After addressing the major interactions occurring between proteins and the fibrillation agent, the relevance of molecular crowding in EWP fibrillation was analyzed. Fibrillation experiments with pure ovalbumin, pure lysozyme, and their mixtures were carried out. The concentration of ovalbumin and lysozyme were kept as equivalent to their amount in EWP. Upon addition of [Cho][Tos] at pH 2.0, ovalbumin, lysozyme, and their mixtures show fibrillation as indicated by visual turbidity. These solutions were centrifuged after 24 h of incubation and the obtained solid samples were redispersed in distilled water. The CD spectra of the redispersed fibrils show the proteins conformational transition to cross-β type secondary structure only for ovalbumin and ovalbumin/lysozyme mixtures, and not for pure lysozyme (Supplementary Fig. 36a–c). These results demonstrate that [Cho][Tos] just forms a charged complex with lysozyme at pH 2.0, which is dissolved upon going back to pH 7.0.
To confirm whether the lysozyme participates in the fibrillation in the ovalbumin/lysozyme mixture we further analyzed the CD spectra of the supernatants of all samples. The lysozyme supernatant spectrum reveals the presence of proteins with a disordered structure. For pure ovalbumin and the mixture of two proteins, there are evidences for α + β conformational state, indicating that proteins are on their way to cross-β conformation. These CD spectra, together with the SDS-PAGE results of the supernatants (Fig. 4), indicate that although lysozyme does not fibrillate individually, it does when in proteins mixtures. It should be however highlighted that the cross-β structure of ovalbumin and ovalbumin/lysozyme mixture is not as organized as in EWP (Supplementary Fig. 36d). These observations demonstrate the role played by molecular crowding in the fibrillation process via cross seeding.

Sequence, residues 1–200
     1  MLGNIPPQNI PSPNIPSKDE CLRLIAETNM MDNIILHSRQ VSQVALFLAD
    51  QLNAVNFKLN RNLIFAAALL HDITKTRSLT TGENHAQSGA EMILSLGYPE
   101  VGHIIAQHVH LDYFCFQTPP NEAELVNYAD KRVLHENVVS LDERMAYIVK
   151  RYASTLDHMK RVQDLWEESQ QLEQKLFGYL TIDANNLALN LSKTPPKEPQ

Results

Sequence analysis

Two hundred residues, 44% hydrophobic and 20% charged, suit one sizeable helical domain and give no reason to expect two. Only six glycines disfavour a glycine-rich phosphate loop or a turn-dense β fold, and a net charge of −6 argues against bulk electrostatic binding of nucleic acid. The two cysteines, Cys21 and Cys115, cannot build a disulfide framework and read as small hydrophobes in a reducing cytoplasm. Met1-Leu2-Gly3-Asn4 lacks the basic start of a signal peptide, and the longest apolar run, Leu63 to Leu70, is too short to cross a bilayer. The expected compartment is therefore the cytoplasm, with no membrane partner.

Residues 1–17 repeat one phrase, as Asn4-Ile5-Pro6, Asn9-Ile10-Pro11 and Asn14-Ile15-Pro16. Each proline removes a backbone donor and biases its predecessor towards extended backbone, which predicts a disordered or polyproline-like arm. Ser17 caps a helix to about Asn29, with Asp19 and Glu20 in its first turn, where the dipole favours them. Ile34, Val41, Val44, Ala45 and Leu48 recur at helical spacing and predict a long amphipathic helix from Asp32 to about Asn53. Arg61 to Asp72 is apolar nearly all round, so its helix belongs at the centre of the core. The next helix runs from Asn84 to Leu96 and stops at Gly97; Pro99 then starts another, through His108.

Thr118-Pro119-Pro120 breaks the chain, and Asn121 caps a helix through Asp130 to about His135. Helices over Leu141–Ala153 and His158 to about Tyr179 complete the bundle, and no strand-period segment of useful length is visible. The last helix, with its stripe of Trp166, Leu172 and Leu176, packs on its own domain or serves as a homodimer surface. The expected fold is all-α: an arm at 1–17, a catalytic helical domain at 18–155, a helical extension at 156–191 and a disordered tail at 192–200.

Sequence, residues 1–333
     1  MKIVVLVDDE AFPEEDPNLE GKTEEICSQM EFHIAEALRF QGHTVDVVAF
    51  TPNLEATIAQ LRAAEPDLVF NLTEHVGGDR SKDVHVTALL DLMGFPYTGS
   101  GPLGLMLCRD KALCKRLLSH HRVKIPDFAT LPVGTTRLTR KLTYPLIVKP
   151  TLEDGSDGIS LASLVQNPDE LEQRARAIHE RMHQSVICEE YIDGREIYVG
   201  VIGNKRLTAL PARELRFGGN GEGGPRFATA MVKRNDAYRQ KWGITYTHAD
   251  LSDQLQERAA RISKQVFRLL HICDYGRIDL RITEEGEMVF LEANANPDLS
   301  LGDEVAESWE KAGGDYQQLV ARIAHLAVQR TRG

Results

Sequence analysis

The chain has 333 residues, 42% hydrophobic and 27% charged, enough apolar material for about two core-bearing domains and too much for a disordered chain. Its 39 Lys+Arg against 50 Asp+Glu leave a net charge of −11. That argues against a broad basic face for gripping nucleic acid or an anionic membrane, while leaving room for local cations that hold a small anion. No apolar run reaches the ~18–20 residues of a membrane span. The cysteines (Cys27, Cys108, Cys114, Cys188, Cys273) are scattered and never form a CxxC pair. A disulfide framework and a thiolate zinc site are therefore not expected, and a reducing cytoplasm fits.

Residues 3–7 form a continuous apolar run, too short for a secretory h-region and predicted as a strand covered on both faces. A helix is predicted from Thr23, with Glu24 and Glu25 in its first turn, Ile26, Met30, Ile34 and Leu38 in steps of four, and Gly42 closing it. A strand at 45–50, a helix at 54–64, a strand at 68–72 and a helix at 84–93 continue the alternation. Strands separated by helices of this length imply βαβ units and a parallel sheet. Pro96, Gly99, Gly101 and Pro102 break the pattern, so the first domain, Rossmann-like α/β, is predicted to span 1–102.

We further confirmed the previous observations by ThT assays of individual proteins and ovalbumin/lysozyme mixture, whose results are given in Fig. 3b and Supplementary Figs. 5 and 6. When moving from a single protein (ovalbumin) to the molecularly crowded EWP proteome, kinetics curves change drastically. The stationary phase is attained faster in EWP with lower fluorescence intensity of ThT as compared to the individual protein assays. Although we cannot assure that cross-seeding is happening in EWP with the accommodation of all proteins into a single fibril, the ThT binding results (Fig. 3b) seem to support this possibility.
The phenomenon of cross seeding of misfolded proteins of different kinds, mainly focused on neurodegenerative diseases, has been previously reported50,51,52,53,54,55,56. In these studies it has been concluded that cross-seeding is directly proportional to the sequence homology of misfolded intermediates; however, proteins with heterogenous sequences also aggregate together50. Juhl et al.53 studied the co-aggregation of plasma and cerebrospinal proteins in presence of preformed amyloid fibrils, concluding that fibrils with diverse primary sequences and ultrastructural morphologies only differ slightly in the composition of the co-aggregated proteins, whereas exposure to a fibril surface can push aggregation-prone proteins to accumulate. The behavior of our ThT binding curves shown in Fig. 3b is in agreement with these results. When moving from an individual protein fibril to EWP fibrils containing proteins of heterogenous sequences, the ThT fluorescence intensity decreases, indicating diverse primary sequences in EWP fibrils with specific monomer packing compared to ovalbumin fibrils53.
Other proteins show significant co- and self-aggregation tendency in the crowded medium, as appraised by the data shown in Supplementary Tables 6 and 7. This phenomenon is supported by the beginning of co-/self-aggregation of different proteins from the EWP in the absence of IL as a fibrillation agent, occurring yet after three days as evidenced from the CD spectra of aggregates shown in Fig. 6a.
The overall picture of the possible molecular-level mechanism behind fibrils formation is summarized in Fig. 6, highlighting the essential role of protein crowding in balancing various interactions among the side chains of different proteins (cross seeding) for efficient and fast fibrillation directly from the EWP, which occurs at room temperature in presence of a suitable fibrillation agent such as [Cho][Tos].